Basic Bike Tools for Triathletes

author : alicefoeller
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Even if you can't change a flat, carry these items:

New triathletes are often able to find a bike they can ride, but they don't always have a lot of background knowledge in bike mechanics. That's OK, as long as you at least carry the minimum gear that will allow someone else to help you. As you are able, try to pick up some knowledge in this area. It will help your cycling performance if you understand how the gear cogs and chainrings work, and it will help your finish time if you know how to put the chain back on if it pops off during a race.


What to Carry in Your Toolbag


That tiny bag under your seat (saddle) can hold an amazing amount of items. You may think there's no use purchasing tools and carrying them if you don't know how to use them, but you would be incorrect. Many cyclists are happy to help others who are struggling with a flat tire, but they aren't going to give you their spare tube or air canister in case they are stranded alone with a flat later on. In other cases, a cyclist or triathlete might be in a car driving past, and stops to offer help. In that case, they will rarely have a set of tire levers or a pump in their car trunk. So it pays to be prepared, even if you don't know what you're doing. Besides, if you are really stuck but you have tools and a smartphone, you can probably find a YouTube video to show you how to accomplish your task.

Here are recommended items for your toolbag:



  1. Spare tube. If you have nonstandard wheels, such as 650c, be even more certain to have a spare tube, since most other cyclists won't have one you can use. Put the tube in a sandwich bag before stuffing it into the toolbag so the tube's tender surface won't be punctured by one of your tools

  2. Mini bike pump. An air cartridge is great for a quick inflation, except when it doesn't work right on the first try, leaving you with an empty cartridge and a still-flat tire. A mini-pump that mounts to your frame is helpful. Even better is a mini pump combined with a CO2 cartridge tool.

  3. Set of tire levers. These are plastic tools that help you remove the tire so you can change the tube. If you are a bike mechanic, you can commence giving dirty looks and pontificating on how only amateurs use tire levers. The rest of us without Godzilla hands need the plastic thingies to help us get the tire bead over the edge of the rim and keep it there.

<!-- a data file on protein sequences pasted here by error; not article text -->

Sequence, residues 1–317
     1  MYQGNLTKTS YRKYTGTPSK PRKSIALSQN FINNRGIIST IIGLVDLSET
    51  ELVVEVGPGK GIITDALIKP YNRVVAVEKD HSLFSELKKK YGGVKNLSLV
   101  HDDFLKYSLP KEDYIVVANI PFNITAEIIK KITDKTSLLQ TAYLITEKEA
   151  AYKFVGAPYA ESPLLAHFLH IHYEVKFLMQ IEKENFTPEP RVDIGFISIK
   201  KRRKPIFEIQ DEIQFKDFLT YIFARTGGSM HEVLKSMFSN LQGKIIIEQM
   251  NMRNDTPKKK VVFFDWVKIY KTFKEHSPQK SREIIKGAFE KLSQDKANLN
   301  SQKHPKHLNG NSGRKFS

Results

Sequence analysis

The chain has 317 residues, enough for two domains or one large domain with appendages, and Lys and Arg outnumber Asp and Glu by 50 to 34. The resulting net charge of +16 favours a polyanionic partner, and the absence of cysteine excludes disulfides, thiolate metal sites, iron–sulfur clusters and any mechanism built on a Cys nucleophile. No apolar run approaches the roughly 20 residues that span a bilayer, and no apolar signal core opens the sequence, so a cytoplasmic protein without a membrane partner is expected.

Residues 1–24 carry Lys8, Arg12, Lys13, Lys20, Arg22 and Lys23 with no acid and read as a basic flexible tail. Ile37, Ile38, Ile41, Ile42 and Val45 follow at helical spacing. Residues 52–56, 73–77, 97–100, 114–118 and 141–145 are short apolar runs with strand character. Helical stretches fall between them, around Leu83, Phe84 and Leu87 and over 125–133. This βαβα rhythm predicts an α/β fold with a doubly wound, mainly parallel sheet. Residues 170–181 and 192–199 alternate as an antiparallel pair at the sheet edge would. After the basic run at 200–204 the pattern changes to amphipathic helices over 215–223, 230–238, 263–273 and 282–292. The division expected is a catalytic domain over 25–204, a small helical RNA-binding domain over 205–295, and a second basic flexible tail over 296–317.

4. Allen wrenches/Hex keys. No matter what you call them, hexagonal wrenches are the most common tool needed to tighten or remove parts on a bicycle. Figure out which ones fit most of the nuts on your bike and only carry those. There's no need to carry a full set of allen wrenches. Most bikes have two or three sizes of hex nuts, so you only need one or two wrenches, if each wrench has ends that are two different sizes. If your toolbag has an interior pocket, slide the hex wrenches in there so they are easy to find and don't puncture your tube.

  5. Patch kit. Patch kits don't take up much space. Sure, you are already carrying a spare tube, but if you are having that kind of bad day where you have more than one flat, you'll be glad you spent the $6 and carried the extra one ounce of weight. Patch kits come with instructions and the modern ones are much easier to use than in the old rubber-cement days. New cyclists often change a flat tube but fail to extract the tiny bit of glass or metal that caused the problem from the tire itself. This leads to the new tube going flat after five minutes. And that's another great argument for carrying a patch kit.


The toolbag is also a great place for stashing an emergency $10 or $20 bill and cell phone.


Mounting the Toolbag


When you attach your toolbag to the bike, take the time to actually read the directions. It seems simple enough, but in every race there are a handful of athletes whose toolbags are dangling beneath their seat, getting looser and looser as the straps pull themselves open during the ride. Usually the straps on a toolbag are threaded through the rails of the seat first, then pulled around the bottom of the bag and secured to themselves using velcro or a plastic buckle. This prevents them from loosening during the ride.













   
 Here is an image of a toolbag mounted correctly. Note that the straps go around the thin metal rails under the seat before clipping under the bag itself.  Here is an image of a toolbag that has been suspended by the straps. This is incorrect. The bag will continue to loosen as you ride, swinging back and forth and hitting you as you pedal. Not only will this slow you down, but it will make you look like a "Fred" (a bike poser).
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date: May 30, 2016

alicefoeller

Editor at Beginner Triathlete, web marketing consultant at SiteInSight, writer, entrepreneur, advocate for unstructured nature play for kids.

avataralicefoeller

Editor at Beginner Triathlete, web marketing consultant at SiteInSight, writer, entrepreneur, advocate for unstructured nature play for kids.

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